Ideally, payer-provider partnerships will lead to the creation of seamless new platforms offering an excellent customer experience at a competitive price, quickly establishing a reputation as a must-have option within their market.
The journey to that “partnership nirvana” depends on where health systems and health plans are positioned today. In some markets, potential partners may already be losing business to integrated delivery systems. In other situations, health systems may be looking to grow or sustain membership in a health plan. And in other markets, organizations that are already partnering with like-minded entities may be considering how deeply they want to push the payer-provider partnership model.
In any market, however, successful partnerships will embrace the following strategic imperatives:
Engage the entire C-Suite
While not all C-Suite executives will be involved in every discussion, leaders throughout both organizations should be engaged in both shaping the partnership and championing its implementation within their departments.
Forge a spirit of pluralism
Most payers and providers need to operate within an ecosystem economy and maintain relationships with other counterparts in their markets, making exclusivity a less viable option.
Understand the market
Successful partnerships will carefully study what purchasers and consumers in their market need, and use those insights to design effective products and processes. Both parties should also be prepared to make concessions, as they develop a formula that supports the profitability of the health plan and the impact of the health system.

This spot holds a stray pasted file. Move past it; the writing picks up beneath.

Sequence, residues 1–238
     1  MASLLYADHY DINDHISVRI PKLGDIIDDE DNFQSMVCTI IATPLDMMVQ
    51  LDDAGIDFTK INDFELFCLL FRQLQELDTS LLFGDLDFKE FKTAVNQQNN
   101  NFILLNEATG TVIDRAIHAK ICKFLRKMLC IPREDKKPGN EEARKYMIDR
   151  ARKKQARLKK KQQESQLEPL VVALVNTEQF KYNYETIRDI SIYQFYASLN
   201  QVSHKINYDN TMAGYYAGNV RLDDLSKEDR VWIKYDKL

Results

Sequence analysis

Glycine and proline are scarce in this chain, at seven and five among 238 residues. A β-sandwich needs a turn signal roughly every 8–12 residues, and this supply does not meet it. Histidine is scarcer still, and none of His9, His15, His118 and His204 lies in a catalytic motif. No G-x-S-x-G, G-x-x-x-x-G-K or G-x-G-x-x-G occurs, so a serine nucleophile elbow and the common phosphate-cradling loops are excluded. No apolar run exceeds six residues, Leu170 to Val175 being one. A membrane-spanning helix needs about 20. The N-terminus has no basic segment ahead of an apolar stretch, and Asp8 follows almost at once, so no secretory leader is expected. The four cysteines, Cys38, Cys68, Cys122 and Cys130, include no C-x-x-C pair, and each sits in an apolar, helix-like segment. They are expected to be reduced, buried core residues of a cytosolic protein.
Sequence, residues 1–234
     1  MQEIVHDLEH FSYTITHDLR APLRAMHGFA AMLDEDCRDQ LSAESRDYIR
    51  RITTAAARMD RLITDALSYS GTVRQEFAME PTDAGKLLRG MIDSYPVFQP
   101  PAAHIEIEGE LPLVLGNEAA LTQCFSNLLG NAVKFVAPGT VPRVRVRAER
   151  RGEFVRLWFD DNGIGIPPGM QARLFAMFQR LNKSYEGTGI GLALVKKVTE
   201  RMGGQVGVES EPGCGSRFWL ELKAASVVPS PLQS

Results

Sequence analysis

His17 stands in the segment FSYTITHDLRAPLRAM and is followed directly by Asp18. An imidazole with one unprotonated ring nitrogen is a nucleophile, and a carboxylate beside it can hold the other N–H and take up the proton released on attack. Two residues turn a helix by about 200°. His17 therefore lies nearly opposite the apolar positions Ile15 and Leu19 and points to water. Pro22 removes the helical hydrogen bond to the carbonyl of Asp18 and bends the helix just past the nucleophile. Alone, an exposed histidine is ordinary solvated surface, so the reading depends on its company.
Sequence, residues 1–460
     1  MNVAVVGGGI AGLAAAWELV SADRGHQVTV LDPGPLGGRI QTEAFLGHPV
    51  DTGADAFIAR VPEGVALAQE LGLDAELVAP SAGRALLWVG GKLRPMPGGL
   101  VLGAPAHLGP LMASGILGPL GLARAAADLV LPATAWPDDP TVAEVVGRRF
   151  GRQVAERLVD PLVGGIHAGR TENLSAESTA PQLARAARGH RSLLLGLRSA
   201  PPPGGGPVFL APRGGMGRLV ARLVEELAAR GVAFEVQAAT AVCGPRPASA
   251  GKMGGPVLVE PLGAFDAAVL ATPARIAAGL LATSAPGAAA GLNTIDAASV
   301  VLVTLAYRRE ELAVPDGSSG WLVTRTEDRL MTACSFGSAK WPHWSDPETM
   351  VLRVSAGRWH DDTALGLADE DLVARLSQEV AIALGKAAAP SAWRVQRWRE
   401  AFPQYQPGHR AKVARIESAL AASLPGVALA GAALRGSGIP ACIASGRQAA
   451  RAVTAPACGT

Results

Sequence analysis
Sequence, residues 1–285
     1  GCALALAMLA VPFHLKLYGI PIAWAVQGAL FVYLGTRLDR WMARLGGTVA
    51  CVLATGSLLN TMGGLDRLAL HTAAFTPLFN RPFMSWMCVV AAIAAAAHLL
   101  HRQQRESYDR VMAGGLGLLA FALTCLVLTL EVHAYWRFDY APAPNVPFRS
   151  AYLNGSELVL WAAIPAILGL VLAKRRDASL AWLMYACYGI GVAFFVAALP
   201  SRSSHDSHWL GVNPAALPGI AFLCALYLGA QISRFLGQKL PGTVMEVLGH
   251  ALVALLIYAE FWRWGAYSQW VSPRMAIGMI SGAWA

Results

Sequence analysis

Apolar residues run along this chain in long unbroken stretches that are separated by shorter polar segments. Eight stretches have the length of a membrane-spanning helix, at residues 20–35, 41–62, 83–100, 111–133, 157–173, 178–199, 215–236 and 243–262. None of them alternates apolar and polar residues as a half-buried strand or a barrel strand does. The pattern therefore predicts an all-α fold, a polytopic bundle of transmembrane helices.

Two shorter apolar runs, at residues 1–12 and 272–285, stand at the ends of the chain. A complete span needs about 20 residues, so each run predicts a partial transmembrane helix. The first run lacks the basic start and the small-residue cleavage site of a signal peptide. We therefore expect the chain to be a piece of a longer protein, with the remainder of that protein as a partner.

Figure out where independent physicians fit
Independent physician practices and affiliated networks play a key role in any market, given the reality that most organizations can’t afford to employ every physician. Partnering organizations will need to determine how these entities will function within the partnership and organize physician supply and capacity accordingly.
Develop a shared vocabulary
Payers and providers approaching partnership for the first time need to be mindful that seemingly basic terminology like “price competitiveness,” “risk sharing,” or “network adequacy” may have different meanings to their counterparts. Taking the time to define the terms that will be used to structure the partnership is absolutely critical to its future success.
Understand your counterpart’s capabilities
Organizations should discuss and evaluate their respective capabilities and competencies in facets including the delivery of care, network and benefit design, and information technology. These conversations can help determine which organization will handle specific operations, and uncover gaps requiring further investment.
Remember that form follows function
The structure of any given partnership should support the partners’ overall strategic alignment, including their collective vision, objectives, principles, and parameters. These considerations will help shape the structure of the partnership’s scope, including how narrowly or broadly defined its operations will be within a geographical area or line of business, and the relative level of integration.